Howard Finster, the king of outsider art, or folk art, built this crazy hodgepodge of oddities, including a coffin that supposedly contains a 200-year-old body. It has been preserved and is open for tours. The entry fee is $15. While you’re in the area, you can stop at another folk art destination, SamG Land, also in Clarksville. I haven’t been yet but I know Sam Granger through Facebook and it’s on my list. I have to go see the World’s Largest Grit, which Sam created on his property.

See photos of Paradise Gardens here.

Read about SamG Land here.

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Paradise Garden in Clarksville, Ga. (Photo by Kelly Kazek)

Tupelo, Miss. (history/adventure/photo opp) 2.30 hours

Sure, Tupelo is known as the birthplace of Elvis, and his childhood home is fascinating, but Tupleo is also at the beginning of the Natchez Trace, where you can take a scenic drive or hike. We also came across the graves of 13 unknown Confederate soldiers in the woods along the original Trace. There’s too much to see to list here, so be sure to read the stories I’ve linked.

Read about Tupelo here.

Read about the graves on the Natchez Trace here.

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Elvis’ childhood home in Tupelo,Miss. (Photo by Wil Elrick)

Columbia, Tenn. (history/shopping) 1.15 hours

My mother and her parents were born in Columbia, Tenn., and they are all buried in nearby Santa Fe, Tenn. Columbia has a quaint downtown with lots of shops and fun eateries. Be sure to also visit the home of President James K. Polk, the historic Athenaeum, the old arsenal and hydroelectric station, Breckinridge Hatter’s Shop and numerous historic homes. There is also a number of historic farms, some of which are open to the public.

Read about our trip to Columbia here.

See a list of historic sites in Columbia here.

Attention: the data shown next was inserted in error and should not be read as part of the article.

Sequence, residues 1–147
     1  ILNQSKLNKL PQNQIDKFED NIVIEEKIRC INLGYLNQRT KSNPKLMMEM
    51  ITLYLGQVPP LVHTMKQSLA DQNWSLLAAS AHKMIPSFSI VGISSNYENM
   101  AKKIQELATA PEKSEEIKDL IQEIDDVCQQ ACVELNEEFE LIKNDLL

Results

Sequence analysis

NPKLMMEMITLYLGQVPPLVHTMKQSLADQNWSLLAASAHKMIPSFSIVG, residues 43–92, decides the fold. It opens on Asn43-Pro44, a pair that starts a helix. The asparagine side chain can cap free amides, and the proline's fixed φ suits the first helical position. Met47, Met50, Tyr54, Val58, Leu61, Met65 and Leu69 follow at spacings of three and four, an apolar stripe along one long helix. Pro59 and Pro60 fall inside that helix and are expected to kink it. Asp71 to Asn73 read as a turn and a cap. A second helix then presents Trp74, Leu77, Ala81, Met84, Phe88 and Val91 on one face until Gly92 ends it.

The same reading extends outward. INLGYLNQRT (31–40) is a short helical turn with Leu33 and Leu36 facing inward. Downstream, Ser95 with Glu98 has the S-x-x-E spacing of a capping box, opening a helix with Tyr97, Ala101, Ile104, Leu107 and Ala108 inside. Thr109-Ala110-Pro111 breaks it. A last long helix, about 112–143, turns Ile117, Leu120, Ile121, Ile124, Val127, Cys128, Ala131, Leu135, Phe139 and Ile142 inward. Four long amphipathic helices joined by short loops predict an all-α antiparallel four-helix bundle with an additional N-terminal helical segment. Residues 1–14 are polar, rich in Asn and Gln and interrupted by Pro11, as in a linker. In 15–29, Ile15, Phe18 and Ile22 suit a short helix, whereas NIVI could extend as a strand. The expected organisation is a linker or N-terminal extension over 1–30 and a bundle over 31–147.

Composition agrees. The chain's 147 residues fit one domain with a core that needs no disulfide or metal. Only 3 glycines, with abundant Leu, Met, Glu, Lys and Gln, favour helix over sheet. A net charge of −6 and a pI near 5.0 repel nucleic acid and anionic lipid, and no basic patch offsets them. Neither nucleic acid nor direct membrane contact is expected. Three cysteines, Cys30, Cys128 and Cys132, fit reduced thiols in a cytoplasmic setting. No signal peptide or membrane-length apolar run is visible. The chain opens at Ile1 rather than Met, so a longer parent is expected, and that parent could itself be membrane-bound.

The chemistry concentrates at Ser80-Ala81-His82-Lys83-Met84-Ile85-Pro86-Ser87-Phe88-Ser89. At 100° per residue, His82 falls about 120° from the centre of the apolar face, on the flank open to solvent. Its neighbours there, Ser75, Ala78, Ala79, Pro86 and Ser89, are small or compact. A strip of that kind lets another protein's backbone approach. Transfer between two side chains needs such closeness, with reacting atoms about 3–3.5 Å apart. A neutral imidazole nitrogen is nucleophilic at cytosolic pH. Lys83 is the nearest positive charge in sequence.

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Columbia, Tenn. (Photo by Wil Elrick)

Barnsley Resort, Ga. (romance/photo opps) 2.5 hours

Barnsley Resort is a beautiful place to stay, with a huge lodge in addition to standalone homes for rent that make up a quaint little village with restaurants, horseback riding, golf and more. But the centerpiece is the ruins of an Italianate mansion that was once the showplace of a plantation located on the site.

Read about my Christmas road trip to Barnsley Resort.

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Barnsley Resort in Georgia. (Photo by Kelly Kazek)

Athens, Ga. (adventure/quirky/history) 4.5 hours

Sweetums and I loved touring Athens, home to the University of Georgia. It has an eclectic downtown area with lots of bars and shops, as well as a historic theatre. The campus abuts downtown and it also has some beautiful historic buildings. Athens is also home to the world’s only double-barreled cannon, the Tree That Owns Itself and the REM Trestle. Fans of REM can take a tour. Read more here.

The double-barreled cannon in Athens, Ga. (Photo by Wil Elrick)

Dahlonega, Ga. (romance, history) 4 hours

Sweetums and I took a pre-Christmas trip to this picturesque town I visited as a child. The old General Store still has a player piano and an animatronic fortune teller and there are tons of shops and restaurants. Dahlonega was also hoe to the country’s first Gold Rush so you can tour a surviving underground gold mine and visit the Gold Museum.

Read more about our trip here.

You can also take an hour’s drive to Helen, Ga., the quaint Alpine village.

Check back and see if I add more.

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Dahlonega, Ga., at Christmas. (Photo by Wil Elrick)